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How to Organize Your Fraud Prevention Committee

Organizations are often filled with committees and boards spearheading different business functions to drive business objectives. Yet, few companies are actually implementing a committee for ad fraud prevention. But given that firms are expected to lose $100 billion to ad fraud by 2023, ad fraud prevention should really be a core focus for any business running digital ad campaigns. 

Relying on disjointed anti-fraud systems and departments to prevent ad fraud is simply not good enough. Instead, a holistic fraud prevention committee that is woven into the company’s corporate strategy is needed to truly oversee the entire role of ad fraud prevention and stop ad fraud in its tracks. 

In this article, we explore the importance of fraud prevention committees, and how establishing one will help organizations achieve their acquisition, growth, and revenue targets.

What is a fraud prevention committee?

A fraud prevention committee is a group of individuals tasked with overseeing deterring ad fraud within a company. 

Many individuals from several departments and functions should be present on a fraud prevention committee, and each will have its own specific set of responsibilities. Let’s explore who exactly should sit on your fraud prevention committee, and what roles they should play.

Who should sit on the fraud prevention committee?


Marketing functions 

The marketing function is the most relevant to the fraud prevention committee as it is ultimately responsible for advertising as a means of generating awareness, prospects, and buyers. Marketing departments who are responsible for advertising and branding activities, as well as acquisitions, will provide inputs on key campaigns, user channels, and partners that may be subject to ad fraud. These members will likely include an organization’s CMO, Director of Advertising, Head of Paid Media, and Affiliate Manager.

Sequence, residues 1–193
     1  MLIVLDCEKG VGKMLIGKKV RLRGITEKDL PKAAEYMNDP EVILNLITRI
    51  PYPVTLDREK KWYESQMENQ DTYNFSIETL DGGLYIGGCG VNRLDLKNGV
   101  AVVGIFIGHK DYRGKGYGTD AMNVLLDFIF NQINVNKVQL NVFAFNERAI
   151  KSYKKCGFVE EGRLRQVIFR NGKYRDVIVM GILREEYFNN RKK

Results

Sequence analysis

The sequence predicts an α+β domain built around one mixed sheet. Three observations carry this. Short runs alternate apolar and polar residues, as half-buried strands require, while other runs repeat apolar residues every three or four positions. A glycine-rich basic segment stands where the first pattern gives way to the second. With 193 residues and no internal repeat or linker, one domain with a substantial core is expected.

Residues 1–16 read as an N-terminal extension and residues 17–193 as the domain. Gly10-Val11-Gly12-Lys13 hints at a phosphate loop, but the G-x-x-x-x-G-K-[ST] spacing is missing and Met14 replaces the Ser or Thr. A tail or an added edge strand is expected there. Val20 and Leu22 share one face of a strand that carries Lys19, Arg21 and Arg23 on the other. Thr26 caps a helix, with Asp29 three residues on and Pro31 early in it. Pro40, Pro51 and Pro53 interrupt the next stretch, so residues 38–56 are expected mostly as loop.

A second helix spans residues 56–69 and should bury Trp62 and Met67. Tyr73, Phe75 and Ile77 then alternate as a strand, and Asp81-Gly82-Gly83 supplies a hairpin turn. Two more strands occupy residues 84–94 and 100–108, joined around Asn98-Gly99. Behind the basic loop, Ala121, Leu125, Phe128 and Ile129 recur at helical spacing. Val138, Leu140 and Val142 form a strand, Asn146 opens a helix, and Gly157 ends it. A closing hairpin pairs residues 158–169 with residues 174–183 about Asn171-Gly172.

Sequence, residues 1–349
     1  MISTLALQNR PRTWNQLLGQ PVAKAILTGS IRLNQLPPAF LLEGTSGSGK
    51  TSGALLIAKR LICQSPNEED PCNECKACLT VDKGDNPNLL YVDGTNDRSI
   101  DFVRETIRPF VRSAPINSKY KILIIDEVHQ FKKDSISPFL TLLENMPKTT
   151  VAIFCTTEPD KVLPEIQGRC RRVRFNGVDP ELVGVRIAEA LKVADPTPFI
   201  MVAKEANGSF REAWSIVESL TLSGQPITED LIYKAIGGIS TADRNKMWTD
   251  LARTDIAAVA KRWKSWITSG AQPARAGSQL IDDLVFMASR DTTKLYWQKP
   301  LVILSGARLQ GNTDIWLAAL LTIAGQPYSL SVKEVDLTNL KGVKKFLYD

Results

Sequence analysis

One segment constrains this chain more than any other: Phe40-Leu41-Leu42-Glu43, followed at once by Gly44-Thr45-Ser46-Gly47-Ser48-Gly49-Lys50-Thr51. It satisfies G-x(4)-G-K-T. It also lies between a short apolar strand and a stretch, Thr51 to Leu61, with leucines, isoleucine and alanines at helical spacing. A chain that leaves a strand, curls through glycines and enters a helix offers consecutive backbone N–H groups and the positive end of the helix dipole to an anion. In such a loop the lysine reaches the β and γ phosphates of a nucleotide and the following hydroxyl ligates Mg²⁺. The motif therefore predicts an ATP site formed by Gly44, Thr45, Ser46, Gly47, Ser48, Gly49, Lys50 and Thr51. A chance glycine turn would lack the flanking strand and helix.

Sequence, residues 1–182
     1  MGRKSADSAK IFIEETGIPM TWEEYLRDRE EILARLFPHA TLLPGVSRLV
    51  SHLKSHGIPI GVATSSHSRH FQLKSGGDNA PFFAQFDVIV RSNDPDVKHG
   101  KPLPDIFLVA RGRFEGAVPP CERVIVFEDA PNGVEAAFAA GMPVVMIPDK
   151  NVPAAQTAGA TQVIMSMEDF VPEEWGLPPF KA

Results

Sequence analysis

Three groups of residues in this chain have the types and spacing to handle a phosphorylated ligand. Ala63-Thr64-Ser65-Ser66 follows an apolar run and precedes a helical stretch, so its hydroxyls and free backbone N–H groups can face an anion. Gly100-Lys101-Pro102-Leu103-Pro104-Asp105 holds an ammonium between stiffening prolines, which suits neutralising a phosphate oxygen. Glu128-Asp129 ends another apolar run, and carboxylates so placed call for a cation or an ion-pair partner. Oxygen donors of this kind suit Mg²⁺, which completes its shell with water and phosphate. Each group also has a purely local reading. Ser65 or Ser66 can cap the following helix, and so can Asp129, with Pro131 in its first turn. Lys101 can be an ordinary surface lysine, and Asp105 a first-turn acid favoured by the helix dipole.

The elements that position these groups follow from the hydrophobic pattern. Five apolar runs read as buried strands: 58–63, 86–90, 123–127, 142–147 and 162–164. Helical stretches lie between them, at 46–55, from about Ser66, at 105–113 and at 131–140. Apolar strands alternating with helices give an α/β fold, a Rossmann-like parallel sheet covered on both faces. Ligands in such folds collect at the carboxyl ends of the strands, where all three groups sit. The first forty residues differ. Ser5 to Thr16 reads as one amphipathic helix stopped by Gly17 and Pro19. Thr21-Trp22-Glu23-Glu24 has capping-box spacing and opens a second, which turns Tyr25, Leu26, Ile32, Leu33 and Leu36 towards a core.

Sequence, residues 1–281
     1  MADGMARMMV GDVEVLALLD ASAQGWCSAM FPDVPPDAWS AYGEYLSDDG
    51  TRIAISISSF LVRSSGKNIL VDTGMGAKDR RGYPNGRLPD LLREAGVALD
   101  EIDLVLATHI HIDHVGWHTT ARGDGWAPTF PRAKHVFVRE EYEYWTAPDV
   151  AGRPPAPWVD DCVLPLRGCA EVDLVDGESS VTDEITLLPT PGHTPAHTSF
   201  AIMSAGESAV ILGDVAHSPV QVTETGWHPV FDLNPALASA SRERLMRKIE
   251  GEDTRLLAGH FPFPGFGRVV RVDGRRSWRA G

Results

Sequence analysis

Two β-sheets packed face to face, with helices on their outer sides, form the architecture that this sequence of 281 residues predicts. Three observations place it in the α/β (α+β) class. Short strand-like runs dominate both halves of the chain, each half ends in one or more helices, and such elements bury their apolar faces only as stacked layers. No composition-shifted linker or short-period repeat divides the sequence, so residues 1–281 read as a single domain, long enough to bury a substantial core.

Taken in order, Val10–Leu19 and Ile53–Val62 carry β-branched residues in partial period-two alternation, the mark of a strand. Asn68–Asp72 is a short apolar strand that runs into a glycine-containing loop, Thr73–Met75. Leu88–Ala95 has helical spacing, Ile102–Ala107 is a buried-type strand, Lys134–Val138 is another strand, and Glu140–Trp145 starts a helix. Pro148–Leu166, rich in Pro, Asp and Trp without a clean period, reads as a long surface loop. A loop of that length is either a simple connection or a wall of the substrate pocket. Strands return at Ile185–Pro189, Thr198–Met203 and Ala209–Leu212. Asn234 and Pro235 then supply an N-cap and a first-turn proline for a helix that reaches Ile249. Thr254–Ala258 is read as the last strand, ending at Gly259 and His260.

Sales functions

For lead generation-based advertisers, the sales department is an important function that must be represented on the committee. The sales team will provide frontline advice as to whether conversations with prospects are advancing, or whether ad fraud could be impacting their lead generation efforts.

Finance teams 

These teams can provide cost analysis information, and are mostly interested in the cost savings that can be generated from a dedicated fraud prevention process. These members will likely include an organization’s CFO and FP&A analysts. 

Growth and analytics teams

These teams depend on fraud-free data to make relevant business decisions. They also provide a very detailed understanding of data and metrics at an aggregate level (to identify patterns), as well as on an event-level (to spearhead investigations).

Fraud prevention committees are necessary even though anti-ad fraud systems exist


Anti-fraud systems are just one part of what a new fraud prevention process needs to be able to reap the benefits. Organizations also need to gather the relevant people to oversee it and establish a process and make sure there is a continuous improvement process, similar to the Plan, Do, Check, and Act Cycle

Regardless of who leads the fraud prevention committee, one must be established. Ensuring that your fraud prevention process is working helps prevent budgetary losses, helps keep your data clean of ad fraud, and helps you achieve your business goals by preventing ad fraud. 

Protect your organization with a fraud prevention committee 

Although you may have anti-fraud systems in place, these must be aligned with fraud prevention processes, which need to be directed by a holistic fraud prevention committee. 

As well as an actual committee, your organization needs to ensure that conversations surrounding fraud prevention continue on a daily basis throughout operational teams. We’ve outlined the teams and individuals that should sit on the committee. 

Additionally, depending on your industry, it may make sense to include another operational team that incorporates specialists from each function i.e. a PPC specialist from marketing, a revenue operations specialist from sales, and a financial controller from finance. 

In other cases, such as SaaS-based companies, it may also make sense for product teams to sit on the fraud prevention committee since any data skewed by ad fraud (i.e. fraudulent freemium users) can impact decisions made on product improvements for real users. 

However, equal representation is key to a fraud prevention committee since each department will contribute different perspectives that will be relevant when managing the fraud prevention process. 

When you build a fraud prevention committee, you’ll be better placed to successfully block ad fraud and achieve your business objectives.

Opticks provides ad fraud detection and prevention for leading businesses worldwide. To find out how we can help safeguard your organization, book a demo here.